ArcelorMittal South Africa, a steel producer, has issued a request for information to recruit independent power producers (IPP) to set up solar power projects at six locations in South Africa.
The company plans to enter into power purchase agreements (PPA) with IPPs to build, own, and operate solar projects at Vanderbijlpark, Newcastle, Vereeniging, Pretoria, Thabazimbi, and Saldanha. These projects will be used to supply low-cost power for its operations across these sites.
It said that all submissions should be made by August 28, 2020. The steel producer said that this move was in light of continued, unaffordable increases in regulated costs, including energy tariffs that have been affecting its financial health.
The projects at Vanderbijlpark will have power supply capacities of 10 MW and 100 MW, while the other sites will have 10 MW projects each. ArcelorMittal said land for these projects would be made available to the successful IPPs.
The scope of work for successful bidders will include conducting feasibility studies, environmental impact assessments, applying for government and legal permits, sourcing finance for the projects, and conducting all the required engineering, procurement, and construction work.
It directed interested IPPs to express their interest in these projects in writing, specifying the project capacities they are interested in undertaking, and provide supporting documents. ArcelorMittal said it would send a detailed request for quotation (RfQ) with the detailed technical scope of work to the most suitable candidate.
Back in 2017, Mercom reported on ArcelorMittal’s plans to construct a 600 MW solar farm in Karnataka. It had plans to construct a six-million-ton steel plant with a captive 750 MW power project in Karnataka and had received land possession certificates for 2,659 acres of private land following the acquisition of 1,827 acres and 832 acres in December 2011 and October 2012.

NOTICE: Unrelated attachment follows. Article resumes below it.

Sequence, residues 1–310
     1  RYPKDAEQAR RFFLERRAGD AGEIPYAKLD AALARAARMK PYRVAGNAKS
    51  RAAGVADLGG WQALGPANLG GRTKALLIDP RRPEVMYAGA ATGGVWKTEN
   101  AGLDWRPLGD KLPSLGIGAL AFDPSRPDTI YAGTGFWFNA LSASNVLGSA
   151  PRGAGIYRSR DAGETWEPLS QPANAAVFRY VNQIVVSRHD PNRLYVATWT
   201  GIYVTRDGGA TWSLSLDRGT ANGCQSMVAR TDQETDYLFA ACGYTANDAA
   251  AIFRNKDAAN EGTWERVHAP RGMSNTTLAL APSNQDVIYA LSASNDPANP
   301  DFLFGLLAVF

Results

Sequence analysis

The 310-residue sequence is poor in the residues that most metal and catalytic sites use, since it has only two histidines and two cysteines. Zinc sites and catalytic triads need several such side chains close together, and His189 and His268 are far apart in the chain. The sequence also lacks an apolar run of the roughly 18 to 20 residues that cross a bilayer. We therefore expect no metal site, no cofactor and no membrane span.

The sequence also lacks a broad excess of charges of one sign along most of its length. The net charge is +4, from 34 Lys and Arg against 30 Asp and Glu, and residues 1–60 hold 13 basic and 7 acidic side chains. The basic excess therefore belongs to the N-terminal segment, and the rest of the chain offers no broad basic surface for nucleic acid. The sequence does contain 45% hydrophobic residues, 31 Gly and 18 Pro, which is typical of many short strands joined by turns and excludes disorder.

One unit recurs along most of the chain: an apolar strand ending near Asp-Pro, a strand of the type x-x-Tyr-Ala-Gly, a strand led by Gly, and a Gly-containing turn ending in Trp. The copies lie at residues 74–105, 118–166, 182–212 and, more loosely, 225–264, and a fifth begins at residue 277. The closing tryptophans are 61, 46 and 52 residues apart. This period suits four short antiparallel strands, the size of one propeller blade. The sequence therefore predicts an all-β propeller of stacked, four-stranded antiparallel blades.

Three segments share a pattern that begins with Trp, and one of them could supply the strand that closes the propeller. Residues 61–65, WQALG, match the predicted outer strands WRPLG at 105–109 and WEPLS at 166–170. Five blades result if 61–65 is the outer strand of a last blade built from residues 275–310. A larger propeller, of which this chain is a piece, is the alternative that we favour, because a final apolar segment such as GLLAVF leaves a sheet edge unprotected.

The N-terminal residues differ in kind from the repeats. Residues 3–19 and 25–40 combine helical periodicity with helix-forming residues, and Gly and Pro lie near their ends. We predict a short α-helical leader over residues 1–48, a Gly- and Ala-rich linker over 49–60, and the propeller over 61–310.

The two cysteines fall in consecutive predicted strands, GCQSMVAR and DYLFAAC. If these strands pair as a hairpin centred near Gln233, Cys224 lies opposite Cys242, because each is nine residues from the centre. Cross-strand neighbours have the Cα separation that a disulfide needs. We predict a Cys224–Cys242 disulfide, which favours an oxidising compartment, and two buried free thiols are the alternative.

Previously, Mercom reported that the government of South Africa recently held discussions with power producers to procure cheaper electricity from older renewable energy projects. The government had asked the companies for “quick win” projects that could support local businesses with cheaper electricity, “offering a sweetener in the form of extensions to power purchase agreements for projects bid between 2011 and 2014”.
Although nearly 82% of South Africa’s electricity is generated from coal, the country of late has become a hotspot for investors in the renewable energy sector. Many solar power projects are under development in the country, which still has millions of households that are yet to be electrified.
Nithin Thomas is a staff reporter at Mercom India. Previously with Reuters News, he has covered oil, metals and agricultural commodity markets across global markets. He has also covered refinery and pipeline explosions, oil and gas leaks, Atlantic region hurricane developments, and other natural disasters. Nithin holds a Masters Degree in Applied Economics from Christ University, Bangalore and a Bachelor’s Degree in Commerce from Loyola College, Chennai. More articles from Nithin.